Underlining THE Supreme Court’s recent landmark judgments on triple talaq and transgenders, among others, Justice Ranjan Gogoi Saturday said the Supreme Court was “democratising the interface of power relationships, not only between state actors and citizens, but also between non-state actors and subjects, between two individuals and autonomous citizens in a way that has never been done before”.
Citing the triple talaq judgment, he said, “I don’t know why media and intelligentsia were quick to draw a parallel between Shayara Bano and Shah Bano. It is my earnest view that Supreme Court in Shayara Bano, that is triple talaq, did perhaps what it could not do in Shah Bano. It extended democratic ideals into a very intimate private sphere.”
“In Shah Bano ruling it is interesting to note that the same Supreme Court held that this appeal (Shah Bano) doesn’t involve the question of constitutional importance but in triple talaq, the court tested the practice of unilateral talaq on the touchstone of this condition. In Shah Bano, the court didn’t seem it to be an issue of gender equality but in Shayara Bano, it left no stones unturned when it held triple talaq inequitable in terms of Article 14,” he said.
He said that on issues such as state intervention in personal life or whether it even could and if an individual had the right to determine identity, “the court seems to have taken meaningful leads towards the ideal idea of India if not towards the new India”.
Delivering the 13th Justice P D Desai Memorial Lecture at the Gujarat High Court on “Constitutional Realism and Constitutional Idealism: Is the Supreme Court on the Cusp of Evolution?” Justice Gogoi said the Supreme Court has tended more towards “idealism” in recent years compared to the “realism” of the past due to changing socio-political and socio-economic circumstances in the country.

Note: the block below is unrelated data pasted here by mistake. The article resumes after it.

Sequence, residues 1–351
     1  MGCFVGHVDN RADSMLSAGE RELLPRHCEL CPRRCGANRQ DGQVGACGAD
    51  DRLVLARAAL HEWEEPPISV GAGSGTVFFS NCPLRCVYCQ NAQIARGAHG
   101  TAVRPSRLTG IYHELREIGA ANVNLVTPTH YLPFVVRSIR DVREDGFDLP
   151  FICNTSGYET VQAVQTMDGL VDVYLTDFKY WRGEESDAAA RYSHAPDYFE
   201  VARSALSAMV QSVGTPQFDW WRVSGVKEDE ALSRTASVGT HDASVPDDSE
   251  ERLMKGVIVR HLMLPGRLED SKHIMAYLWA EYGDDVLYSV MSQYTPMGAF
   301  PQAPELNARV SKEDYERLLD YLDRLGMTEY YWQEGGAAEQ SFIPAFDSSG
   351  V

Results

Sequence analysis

He said that through the shift, the Supreme Court was gradually enriching the culture of “constitutionalism”. “We are realising that injustices today are not borne out of poverty and illiteracy alone; they are borne out of different identities, diverse opinions, aspirations for autonomy, and desires to be a free thinker… However good or bad it may appear to be, we can’t help it, this is a new order,” he said.
According to Justice Gogoi, the Supreme Court was “beaming new light into the promises of justice, liberty, equality and fraternity that we the people of India have made to one another” and cited the judgement on triple talaq as an example.
He pointed to the transformations the country has witnessed over the years to highlight changes in the approach of the Supreme Court. “India is transforming from socialism to acquire an identity more new-liberal, if we may call it. You show a belief in the need for economic growth, at the same time maintaining traditional liberalistic values,” he said.
“This is happening in the socio-political and socio-economic context. The rise of the capitalist class has made India extremely susceptible to corruption and consequent criminalisation of politics and economy and aberrations in good governance,” he said. He said that the “watchdog vacuum” created due to these changes were being filled by the judiciary.
On January 12, Justices Gogoi, J Chelameswar, Madan B Lokur and Kurian Joseph, the four most senior judges of the Supreme Court, had questioned the conduct of Chief Justice of India Justice Dipak Misra, especially over allocation of cases.
Recalling the judgment in the case of law student Shreya Singhal, whose petition led to striking down of against section 66A of IT act in the apex court, Justice Gogoi said that “it was a landmark and progressive decision. It safeguarded dissidents, it safeguarded plurality of thought and diversity of opinion. It safeguarded democratic ethos. It took the side of citizens as against the state. It celebrated freedom.”
“It was a shinning commemoration of what we fought for…Freedom. Ladies and gentlemen it will be interesting to watch the developments that can reasonably be anticipated if they have not already manifested…By the reality of the day including commercialisation of media,” he said.
Referring to arguments that the judiciary was “entering the domain that has traditionally been reserved for the executives and the legislature”, he said, “It is not for me comment but the court’s character and functioning will have to be perceived in the light of prevailing circumstances.”